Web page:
Getting More from Less: System of Rice Intensification

Membati, a 35 year old tribal farmer from Madhya Pradesh, India, has reason to cheer. This year the harvest from her two-acre plot is 17 quintals, where as for the last many years it had stagnated at around 4-5 quintals. Such an output became possible after she adopted the System of Rice Intensification (SRI) that was demonstrated by a local NGO. In fact, all farmers who adopted the method saw at least a 50 per cent increase in yield, raising the income levels and well-being of the village as a whole.

This technique, which evolved in Madagascar nearly 25 years ago, is still finding new takers, like Membati. In fact, it has picked up so much momentum over the years, that evidence shows more than 500,000 farmers in 20 countries are using it to increase the productivity of paddy. Apart from raising absolute yield, it also helps reduce external input costs. Empirical studies carried out on this technique reveals that it can save water by 25-50 per cent, seed input by 80-90 per cent, raising paddy output by at least 25-50 per cent or more.

It has a record of its productivity having been validated in 28 countries from Afghanistan to Cuba. Rice intensification SRI emphasizes on selecting the best seeds

The SRI Technique

But how does this technique manage to achieve such an output? Well, SRI works by changing the way plants, soil, water and nutrients are managed and utilized in paddy production. For example, the seedlings are transplanted when still quite young, at the age of 8-12 days. The transplanting process is also both quick and careful, to minimize ‘transplanting shock’. It is transplanted on a widely spaced grid of 25 cm x 25 cm, to encourage better root and canopy growth. Apart from that, the soil in enriched by adding organic matter.

This helps it to hold more nutrients in the root zones, which can be released when the plants need them. During the growth period of seedlings, only a minimum amount of water is applied, and the field is allowed to dry before application of another layer of water. This way, when flooded conditions are avoided, it also prevents weed growth. All these methods contribute to increasing yield, and that is SRI. Although chemical fertilizers can be used, experience has shown that the best results come when soil is enriched organically.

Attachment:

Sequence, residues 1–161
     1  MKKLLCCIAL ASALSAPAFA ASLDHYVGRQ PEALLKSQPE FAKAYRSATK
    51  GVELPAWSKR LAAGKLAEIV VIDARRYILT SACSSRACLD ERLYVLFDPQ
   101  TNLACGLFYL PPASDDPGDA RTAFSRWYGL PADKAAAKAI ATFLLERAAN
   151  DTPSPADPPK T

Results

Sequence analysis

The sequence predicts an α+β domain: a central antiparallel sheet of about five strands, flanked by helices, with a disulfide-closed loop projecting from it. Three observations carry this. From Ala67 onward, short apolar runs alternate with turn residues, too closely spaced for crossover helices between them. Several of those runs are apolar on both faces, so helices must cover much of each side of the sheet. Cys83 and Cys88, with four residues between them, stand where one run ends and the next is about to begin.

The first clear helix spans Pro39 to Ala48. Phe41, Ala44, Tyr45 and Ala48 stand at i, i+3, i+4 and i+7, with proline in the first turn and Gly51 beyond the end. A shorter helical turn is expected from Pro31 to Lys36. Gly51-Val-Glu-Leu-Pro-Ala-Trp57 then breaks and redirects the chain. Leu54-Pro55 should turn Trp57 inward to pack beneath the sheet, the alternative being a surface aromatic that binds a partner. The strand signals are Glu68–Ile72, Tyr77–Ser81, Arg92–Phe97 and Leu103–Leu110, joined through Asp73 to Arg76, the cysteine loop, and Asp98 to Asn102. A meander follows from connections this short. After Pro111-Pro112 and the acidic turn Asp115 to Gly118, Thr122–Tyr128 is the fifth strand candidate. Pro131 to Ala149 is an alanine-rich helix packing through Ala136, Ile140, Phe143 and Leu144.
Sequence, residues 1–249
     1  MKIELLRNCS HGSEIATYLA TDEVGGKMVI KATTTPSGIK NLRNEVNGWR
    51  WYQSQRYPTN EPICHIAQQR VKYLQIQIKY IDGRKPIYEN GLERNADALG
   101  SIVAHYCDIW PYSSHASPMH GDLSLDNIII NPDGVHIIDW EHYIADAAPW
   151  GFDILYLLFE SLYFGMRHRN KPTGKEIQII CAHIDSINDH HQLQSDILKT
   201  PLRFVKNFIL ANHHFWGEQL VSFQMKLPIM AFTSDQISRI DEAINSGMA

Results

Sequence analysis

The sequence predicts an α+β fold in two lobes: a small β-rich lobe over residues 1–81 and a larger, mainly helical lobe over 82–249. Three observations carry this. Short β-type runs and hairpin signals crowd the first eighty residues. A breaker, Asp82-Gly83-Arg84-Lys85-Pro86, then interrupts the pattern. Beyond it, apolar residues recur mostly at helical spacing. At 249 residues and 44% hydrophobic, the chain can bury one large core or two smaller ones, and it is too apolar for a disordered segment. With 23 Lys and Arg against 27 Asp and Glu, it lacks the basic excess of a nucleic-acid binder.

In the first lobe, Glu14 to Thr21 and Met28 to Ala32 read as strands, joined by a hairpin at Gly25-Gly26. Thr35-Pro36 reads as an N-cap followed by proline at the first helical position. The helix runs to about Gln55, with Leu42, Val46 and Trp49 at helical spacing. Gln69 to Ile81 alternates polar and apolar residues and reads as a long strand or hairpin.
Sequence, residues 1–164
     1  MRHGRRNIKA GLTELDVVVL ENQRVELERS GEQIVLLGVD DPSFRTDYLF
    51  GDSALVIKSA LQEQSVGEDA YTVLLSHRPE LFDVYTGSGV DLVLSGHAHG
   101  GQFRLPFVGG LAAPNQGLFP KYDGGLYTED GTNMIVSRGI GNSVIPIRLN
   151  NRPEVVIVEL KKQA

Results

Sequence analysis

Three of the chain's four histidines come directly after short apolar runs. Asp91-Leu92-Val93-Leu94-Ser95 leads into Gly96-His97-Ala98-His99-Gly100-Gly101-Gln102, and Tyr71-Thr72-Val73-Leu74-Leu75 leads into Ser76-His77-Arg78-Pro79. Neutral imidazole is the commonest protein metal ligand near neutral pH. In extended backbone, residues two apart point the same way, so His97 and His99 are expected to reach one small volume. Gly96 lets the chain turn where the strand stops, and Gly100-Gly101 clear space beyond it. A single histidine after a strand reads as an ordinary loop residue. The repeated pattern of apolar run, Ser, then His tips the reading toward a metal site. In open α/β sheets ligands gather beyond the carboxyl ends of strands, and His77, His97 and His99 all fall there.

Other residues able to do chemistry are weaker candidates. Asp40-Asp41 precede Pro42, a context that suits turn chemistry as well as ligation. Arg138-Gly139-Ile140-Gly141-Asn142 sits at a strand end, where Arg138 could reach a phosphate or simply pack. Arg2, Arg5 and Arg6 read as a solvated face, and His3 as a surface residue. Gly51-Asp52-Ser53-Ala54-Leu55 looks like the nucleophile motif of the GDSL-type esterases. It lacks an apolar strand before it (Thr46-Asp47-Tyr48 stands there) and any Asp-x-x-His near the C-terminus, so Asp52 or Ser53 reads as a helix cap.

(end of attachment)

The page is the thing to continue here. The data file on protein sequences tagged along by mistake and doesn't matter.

As it is evident – this is an unusual innovation in many ways – it can raise the productivity of land, labour, water and capital investment, all at the same time. The only ‘cost’ involved is the farmers’ time and labour during the learning period; but with practice, labour too can be saved.

Paddy Field

A paddy field in a village in Madhya Pradesh, India where farmers adopted SRI

Evolution and differences from agricultural innovations

SRI differs in many ways from other agricultural innovations. This is a case where farmers have voluntarily come forward to invest their time and resource. It has been spreading through civil society organizations and farmer-to-farmer extension. Unlike many other methods, this one did not come out of agricultural research laboratories, and did not take root from existing scientific models. In fact, it evolved out of necessity and through the dedicated work a Jesuit Priest, Father Henri de Laulanié, who spent 35 years of his life working with small holder farmers in Madagascar, looking for ways to raise paddy yields with the aim of reducing poverty and hunger.

Father Laulanié’s empirical work reveals that most of the practices that rice farmers have followed over centuries actually constrain productivity. For example, using older than younger seedlings, spacing closely, or flooding the field are all factors that limit the plant’s growth. So it’s not right to assume that over years of trial and error, farmers have necessarily worked out best practices.

Responses to SRI When an innovation does not arise out of a research laboratory or available scientific models, it is often met with indifference and opposition from the scientific community. And yet there are scientists who responded positively to this technique, all across from China to Gambia. These are scientists who were open to working with farmers and NGOs; and aware that the work in research stations is just not enough; and on-farm experience is as essential. From the farmer’s side, there was always a dire need to harvest more from less.

Even in its presentation, SRI is conceived not as a technology, but as a methodology based on a set of ideas that can be and is being translated into practice. It’s not so much as doing something new, as much as doing the same thing differently. And it enables smallholder farmers all over the world to get more from less. It’s proponents say that it’s still a work in progress, and is continuously being adapted for diverse environments.